Language, as the anthropologists say, is culture. And although many unaware of the finer points of British colonial history may not recall, the Hebrides are home to distinct languages and dialects all their own, including Scottish Gaelic, just one of two languages remaining within its linguistic family.
Efforts to restore Gaelic as a living language in the Hebrides proceeds well enough, but today’s Gaelic speakers of the highest fluency would be hard-pressed to recognize the language spoken by their forebears. The spread of the Dál Riata empire meant the spread of Gaelic language, but Fergus the Great himself likely spoke what is now known as Primitive Irish, the connection between the old Godelic languages of the first centuries CE and Gaelic. Generations down the line, however, were speaking Old Irish.
From the 1000s to the 1200s, the Hebrides were essentially neatly divided on linguistic lines, with the Inner Hebrides speaking Middle Irish and the Outer Hebrides a bilingual culture in which Old Norse was also spoken (and ultimately influential on subsequent languages). By around 1300, however, the dominant Middle English was evolving into three syntactically distinctive major dialects, i.e. languages: Modern Irish, Scottish Gaelic and Manx.
Each of these continued its separate path as is the wont of living languages until the rise of the British Empire. Infamous for using language as a weapon, the British were nearly successful in eliminating the major native languages of its neighbors. Indeed, Manx may now be “credited” with the status as a language of whom the last native speaker’s identity is known.
After foundation of the United Kingdom in 1707, linguistic colonization in red coats and headmaster’s garb swept the Hebrides as the clan system was stripped of power and the English language established as boss within a generation.
According to a UNESCO statement of 2009, “languages in danger” may be classified as those with 1,000 to 10,000 speakers. Endangered languages are those which are spoken by 1,000 or fewer. UNESCO’s estimates place one-quarter of the world’s 6,900-plus languages in each category; any language of under 10,000 speakers is also considered in danger of extinction within 100 years (or four to five generations).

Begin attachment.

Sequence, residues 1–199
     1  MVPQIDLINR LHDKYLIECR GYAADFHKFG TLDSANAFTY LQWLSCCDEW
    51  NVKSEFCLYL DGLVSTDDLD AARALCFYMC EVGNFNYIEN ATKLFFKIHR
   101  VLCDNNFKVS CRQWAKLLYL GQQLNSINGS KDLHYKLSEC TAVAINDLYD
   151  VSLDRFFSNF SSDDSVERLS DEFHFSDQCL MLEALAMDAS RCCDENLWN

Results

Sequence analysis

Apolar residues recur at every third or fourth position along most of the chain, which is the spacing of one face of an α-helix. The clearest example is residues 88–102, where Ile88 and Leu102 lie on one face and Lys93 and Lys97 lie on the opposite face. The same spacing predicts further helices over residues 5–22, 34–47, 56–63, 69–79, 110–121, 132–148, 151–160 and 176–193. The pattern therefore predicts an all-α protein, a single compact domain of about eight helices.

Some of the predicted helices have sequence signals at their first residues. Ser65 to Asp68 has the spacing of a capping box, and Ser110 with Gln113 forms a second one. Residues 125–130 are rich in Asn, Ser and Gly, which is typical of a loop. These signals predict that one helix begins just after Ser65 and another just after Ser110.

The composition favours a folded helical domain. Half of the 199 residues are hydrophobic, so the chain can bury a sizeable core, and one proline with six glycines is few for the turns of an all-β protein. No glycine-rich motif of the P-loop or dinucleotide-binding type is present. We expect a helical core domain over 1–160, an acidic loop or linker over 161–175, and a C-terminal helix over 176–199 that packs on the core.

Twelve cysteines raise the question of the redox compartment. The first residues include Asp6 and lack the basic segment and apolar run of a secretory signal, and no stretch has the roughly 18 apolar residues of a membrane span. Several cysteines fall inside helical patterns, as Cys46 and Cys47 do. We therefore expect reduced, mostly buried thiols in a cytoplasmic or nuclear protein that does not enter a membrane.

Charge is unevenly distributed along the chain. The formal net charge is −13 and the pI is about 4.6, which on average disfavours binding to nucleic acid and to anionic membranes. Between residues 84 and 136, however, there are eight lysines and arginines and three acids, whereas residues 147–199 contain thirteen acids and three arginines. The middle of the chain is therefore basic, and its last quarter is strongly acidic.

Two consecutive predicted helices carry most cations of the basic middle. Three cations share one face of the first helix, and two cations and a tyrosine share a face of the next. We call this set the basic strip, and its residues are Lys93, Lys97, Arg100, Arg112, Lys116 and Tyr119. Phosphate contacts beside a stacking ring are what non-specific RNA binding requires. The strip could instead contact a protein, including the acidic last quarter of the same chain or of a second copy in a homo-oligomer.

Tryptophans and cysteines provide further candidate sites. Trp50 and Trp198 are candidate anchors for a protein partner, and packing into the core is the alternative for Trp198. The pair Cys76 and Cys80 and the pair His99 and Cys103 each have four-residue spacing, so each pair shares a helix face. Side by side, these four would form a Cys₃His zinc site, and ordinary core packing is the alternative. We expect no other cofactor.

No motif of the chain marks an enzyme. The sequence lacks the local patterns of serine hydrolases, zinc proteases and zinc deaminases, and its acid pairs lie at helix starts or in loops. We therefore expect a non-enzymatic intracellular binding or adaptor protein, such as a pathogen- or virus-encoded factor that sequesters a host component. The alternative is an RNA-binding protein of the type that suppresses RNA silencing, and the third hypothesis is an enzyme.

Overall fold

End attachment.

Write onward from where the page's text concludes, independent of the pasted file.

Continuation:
The three Gaelic languages, in the wake of suppression by the British, today land on different areas of this spectrum: Manx was called “extinct” in 1974 when its last native speaker died. Irish, meanwhile, is today an official language of the European Union; a national census showed that nearly 20,600 now speak Irish as a first language while another 53,200 or so use Irish daily. Whether or not present-day Irish revitalization efforts are effective or not is a matter of opinion: The aforementioned numbers mean that just 1.55% speak Irish daily, but in the 21st century every student in Ireland gets some instruction in Irish and the truth is that more people speak Irish today than since the 19th century.
As for a revival of Scottish Gaelic, good news and bad news abound. In general, educational efforts in Scotland are not as efficacious as in Ireland. An official census of 2011 showed that just 57,375 Scots could speak Scottish Gaelic at all and only about 29,000 were fluent; not only is the former number a scant 1.1% of Scotland’s population, it’s a drop of over 1,000 speakers from the survey taken 10 years prior.
The situation is better for Scottish Gaelic in the Hebrides, however. In fact, given the rather poor outcome of efforts in Scotland, the Outer Hebrides may yet become the last bastion of Scottish Gaelic speakers. An estimated 20% of Hebrideans are reasonably fluent in Scottish Gaelic. Incredibly, over 1,000 in the Outer Hebrides are employed in Scottish Gaelic-based services – or 3.9% of the Outer Hebrides population.
Thus, the ratio of Scottish Gaelic speakers who are Hebridean is over 17%. Therefore, if you’d like to hear some true, living Scottish Gaelic outside the classroom, head for the Hebrides!
Naturally, our favourite professor Dr. YouTube has lots to say on the subject of Scots Gaelic, and the video-sharing site is certainly a modern milieu for language restoration efforts. Get into this beautiful tongue with the following.
First up, here are pair of lassies with incredible accents who are “aboot to show ye some usefil phrasis thit ye kin yoose in ev’reedee life.” Come on, you know you want to know the Gaellic for “friend request.” (“Hashtag” is still “hashtag,” though.)
This one, meanwhile, may make you as hungry for some tasty salmon as much as for knowledge of this great language. Unless you’ve got a serious jump on the language already, you have to enjoy this clip for the culture and cadences, because you won’t get tons of instruction here.
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